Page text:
Student-Athletes are asking “Where’s the money?”

If someone approached you and asked you to dedicate a large portion of your time to a project, but you would not receive any compensation for it, would you say yes? If they were to then tell you they would make a good amount of money off your name and likeness and talent, and you still would not see any money enter your bank account, you would probably say “absolutely not.” This is to many what the National College Athletic Association and schools do with their student-athletes. Colleges and universities make millions thanks to their teams, but not a dime goes to those who work so hard for success for the school. On the other hand, these students usually get scholarships for a free education, which is after all, the main point of academic institutions. The exposure these athletes experience through national television time and learning from the best of the best gives them a chance to win professional sporting contracts and that right there is another benefit they experience. It’s an interesting argument, especially for someone like me who is not a student athlete. I believe that if I were it would change my opinion but I’ll take a quick look at both sides from an outsider’s point of view.

Probably the strongest point being made currently in this debate for the need for student athletes to be paid is the recent college-action lawsuit against the NCAA and the five most powerful athletic conferences filed by four college athletes. It argues, “universities should have the option of paying players” (Weisbrod, 2013). They claim that the NCAA’s ban on compensation is an illegal cartel depriving the student athletes of a chance to be paid for the money they generate for their colleges. Put in layman’s terms, they’re tired of working endlessly only for no monetary reward.

For example, the television contract for the NCAA Division 1 basketball tournament brings in roughly $750 million per year. If your athletic conference has teams that advance far into the tournament, you will receive millions of dollars in payouts from the NCAA. Coaches get that too. Six billion dollars annually is how much the NCAA makes as a whole. Ridiculous amounts of money are being made so can student-athletes still be considered amateurs?

Ellen Staurowsky, a professor of sports management at Drexel University, says that “the term student-athletes is just propaganda to avoid paying athletes.” When the NCAA first began scholarships for college sports in 1953, it formulated a plan of pay-for-play through those scholarships but that it purposely limited student-athletes’ rights to be workers. Years later though, as hundreds of millions are being made from college athletics, the NCAA rules controlling the players needs to change to let them receive some of the financial benefits.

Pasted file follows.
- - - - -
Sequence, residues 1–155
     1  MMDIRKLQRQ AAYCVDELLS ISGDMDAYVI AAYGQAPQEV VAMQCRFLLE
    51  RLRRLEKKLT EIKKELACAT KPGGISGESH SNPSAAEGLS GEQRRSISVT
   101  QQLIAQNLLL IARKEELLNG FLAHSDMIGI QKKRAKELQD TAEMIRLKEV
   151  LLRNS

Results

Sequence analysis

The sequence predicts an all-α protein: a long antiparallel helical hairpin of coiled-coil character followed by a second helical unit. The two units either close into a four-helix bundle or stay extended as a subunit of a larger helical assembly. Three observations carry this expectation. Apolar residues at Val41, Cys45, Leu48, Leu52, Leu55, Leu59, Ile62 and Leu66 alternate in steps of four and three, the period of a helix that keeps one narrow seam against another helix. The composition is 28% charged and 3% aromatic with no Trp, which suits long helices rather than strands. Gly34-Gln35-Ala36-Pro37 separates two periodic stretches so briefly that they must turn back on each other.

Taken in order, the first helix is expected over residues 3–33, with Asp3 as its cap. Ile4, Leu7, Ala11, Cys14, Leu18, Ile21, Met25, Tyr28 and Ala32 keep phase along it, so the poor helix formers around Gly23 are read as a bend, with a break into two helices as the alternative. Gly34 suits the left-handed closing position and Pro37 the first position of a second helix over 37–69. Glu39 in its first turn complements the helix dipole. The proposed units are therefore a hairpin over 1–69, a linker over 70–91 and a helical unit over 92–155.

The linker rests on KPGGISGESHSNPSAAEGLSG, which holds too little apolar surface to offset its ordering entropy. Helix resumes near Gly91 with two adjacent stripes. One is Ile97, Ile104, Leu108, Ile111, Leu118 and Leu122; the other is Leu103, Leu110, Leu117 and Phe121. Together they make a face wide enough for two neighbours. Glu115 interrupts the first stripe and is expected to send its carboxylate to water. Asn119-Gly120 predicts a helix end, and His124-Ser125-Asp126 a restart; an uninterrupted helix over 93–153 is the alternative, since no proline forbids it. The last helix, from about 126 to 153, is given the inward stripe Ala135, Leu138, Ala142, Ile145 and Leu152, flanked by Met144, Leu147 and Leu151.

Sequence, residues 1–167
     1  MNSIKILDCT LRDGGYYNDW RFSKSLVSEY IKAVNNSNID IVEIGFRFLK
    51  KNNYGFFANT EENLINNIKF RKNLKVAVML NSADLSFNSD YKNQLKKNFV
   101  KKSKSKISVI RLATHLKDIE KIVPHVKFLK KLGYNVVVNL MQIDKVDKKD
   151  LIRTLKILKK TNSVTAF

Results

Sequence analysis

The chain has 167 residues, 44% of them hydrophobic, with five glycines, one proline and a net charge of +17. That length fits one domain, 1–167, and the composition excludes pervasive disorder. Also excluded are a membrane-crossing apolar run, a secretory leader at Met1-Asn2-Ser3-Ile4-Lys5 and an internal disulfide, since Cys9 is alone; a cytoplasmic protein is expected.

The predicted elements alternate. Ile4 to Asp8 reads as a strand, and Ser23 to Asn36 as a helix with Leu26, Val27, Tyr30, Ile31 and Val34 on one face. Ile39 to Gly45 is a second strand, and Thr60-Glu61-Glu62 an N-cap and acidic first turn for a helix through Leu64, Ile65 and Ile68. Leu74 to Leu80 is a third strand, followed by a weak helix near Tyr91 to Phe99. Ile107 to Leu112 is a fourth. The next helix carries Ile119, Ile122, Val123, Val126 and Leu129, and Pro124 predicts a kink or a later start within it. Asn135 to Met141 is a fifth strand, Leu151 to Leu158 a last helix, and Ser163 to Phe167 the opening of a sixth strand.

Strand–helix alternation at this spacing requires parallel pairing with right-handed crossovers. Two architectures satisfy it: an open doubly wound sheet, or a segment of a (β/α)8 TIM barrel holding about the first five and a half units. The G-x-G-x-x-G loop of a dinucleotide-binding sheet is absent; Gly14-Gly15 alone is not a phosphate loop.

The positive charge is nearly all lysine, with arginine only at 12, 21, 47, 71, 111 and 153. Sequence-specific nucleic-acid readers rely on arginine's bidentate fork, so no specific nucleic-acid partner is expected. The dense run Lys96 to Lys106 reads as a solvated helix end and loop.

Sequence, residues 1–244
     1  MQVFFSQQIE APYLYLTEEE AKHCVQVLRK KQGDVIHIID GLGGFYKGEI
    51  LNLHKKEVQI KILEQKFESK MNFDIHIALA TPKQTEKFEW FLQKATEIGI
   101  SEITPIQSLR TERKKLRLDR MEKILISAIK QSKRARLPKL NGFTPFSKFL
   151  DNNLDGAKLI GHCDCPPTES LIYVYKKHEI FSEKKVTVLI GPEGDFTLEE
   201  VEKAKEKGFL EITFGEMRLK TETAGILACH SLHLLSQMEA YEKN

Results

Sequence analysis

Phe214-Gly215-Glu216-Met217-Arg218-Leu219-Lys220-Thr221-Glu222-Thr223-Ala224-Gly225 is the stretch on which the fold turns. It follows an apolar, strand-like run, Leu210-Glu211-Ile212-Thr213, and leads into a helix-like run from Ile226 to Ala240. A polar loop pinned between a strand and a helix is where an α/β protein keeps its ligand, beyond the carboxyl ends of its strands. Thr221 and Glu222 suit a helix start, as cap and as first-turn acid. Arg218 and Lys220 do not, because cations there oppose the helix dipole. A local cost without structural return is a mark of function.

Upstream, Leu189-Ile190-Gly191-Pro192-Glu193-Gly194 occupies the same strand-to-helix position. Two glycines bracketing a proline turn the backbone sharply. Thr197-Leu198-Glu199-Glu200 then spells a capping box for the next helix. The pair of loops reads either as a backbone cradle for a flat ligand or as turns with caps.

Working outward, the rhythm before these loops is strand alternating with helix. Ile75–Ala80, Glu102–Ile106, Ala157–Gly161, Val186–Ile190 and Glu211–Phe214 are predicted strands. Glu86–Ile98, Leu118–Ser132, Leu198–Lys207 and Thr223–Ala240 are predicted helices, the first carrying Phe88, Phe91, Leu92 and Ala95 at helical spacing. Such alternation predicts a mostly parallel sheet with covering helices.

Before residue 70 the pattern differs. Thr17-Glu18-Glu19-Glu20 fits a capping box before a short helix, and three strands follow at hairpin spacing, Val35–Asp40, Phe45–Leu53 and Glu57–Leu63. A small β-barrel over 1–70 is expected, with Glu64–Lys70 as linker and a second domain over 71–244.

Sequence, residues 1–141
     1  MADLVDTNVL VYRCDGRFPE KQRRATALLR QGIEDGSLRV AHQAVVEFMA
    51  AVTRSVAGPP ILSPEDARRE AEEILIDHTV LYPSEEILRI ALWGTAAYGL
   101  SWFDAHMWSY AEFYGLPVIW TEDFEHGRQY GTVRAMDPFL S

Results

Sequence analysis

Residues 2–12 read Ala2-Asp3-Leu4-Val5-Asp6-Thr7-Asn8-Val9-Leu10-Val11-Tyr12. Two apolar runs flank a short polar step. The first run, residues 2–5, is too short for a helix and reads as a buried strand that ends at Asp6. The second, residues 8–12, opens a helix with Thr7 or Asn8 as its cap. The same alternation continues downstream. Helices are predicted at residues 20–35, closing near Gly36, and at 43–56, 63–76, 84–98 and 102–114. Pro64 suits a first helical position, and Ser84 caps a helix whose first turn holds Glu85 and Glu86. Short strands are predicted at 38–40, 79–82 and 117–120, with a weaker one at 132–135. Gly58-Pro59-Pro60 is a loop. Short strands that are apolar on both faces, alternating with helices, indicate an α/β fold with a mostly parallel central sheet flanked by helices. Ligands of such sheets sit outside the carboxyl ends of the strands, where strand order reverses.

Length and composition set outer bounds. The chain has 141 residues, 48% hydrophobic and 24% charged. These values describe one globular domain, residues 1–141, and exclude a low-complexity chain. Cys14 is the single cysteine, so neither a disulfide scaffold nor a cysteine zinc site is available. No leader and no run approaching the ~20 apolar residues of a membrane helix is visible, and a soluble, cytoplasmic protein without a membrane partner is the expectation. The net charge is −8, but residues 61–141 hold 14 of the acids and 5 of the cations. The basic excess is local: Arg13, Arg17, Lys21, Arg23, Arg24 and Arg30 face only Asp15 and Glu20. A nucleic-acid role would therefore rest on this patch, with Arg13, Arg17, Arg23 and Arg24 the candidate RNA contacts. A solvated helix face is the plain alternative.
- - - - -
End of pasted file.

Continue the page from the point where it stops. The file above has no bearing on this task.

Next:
Wait a minute, don’t these young adults get to go to school free of charge (most of the time), play a sport they love and get attention from potential professional leagues? To many, that should be enough. Their scholarships almost always cover tuition, fees, room and board and textbooks according to the NCAA. Add on top of that expert coaching, frequent meals, non-uniform clothing, free medical consultation, free access to state-of-the-art training facilities and free professional development such as media relations, life skills, and they’re still asking for money?

Jeffrey Dorfman from Forbes explained in a column that student-athletes can receive up to $125,000 per year in compensation from their respective colleges. That surely beats most jobs the average students work in order to help pay for school. You can even think of playing on a college team as like an unpaid internship for other students (Block, 2013), except those don’t tend to come with a full-ride.

I can see both sides. Working free isn’t usually one’s idea of a good time. However, at least at my internships, I’m not subject to fan ridicule and angry supporters. In addition, the companies I intern for aren’t making money off my face, my name, my persona, etc. If they were, I may want at least a portion of that. I own my image and brand, don’t I? Then again, when college tuition is extremely expensive and being admitted is competitive, I don’t like hearing that they aren’t receiving anything. They will often coast through university without dropping a single dime on things relating to their education, the thing that will help them in life if they are to not make it on to the big leagues. Even if they do, it’s a valuable thing to have to your name and could help them once their playing days are done. I think this will be a very interesting debate for years to come, one that won’t have a clear ending or a majority opinion.


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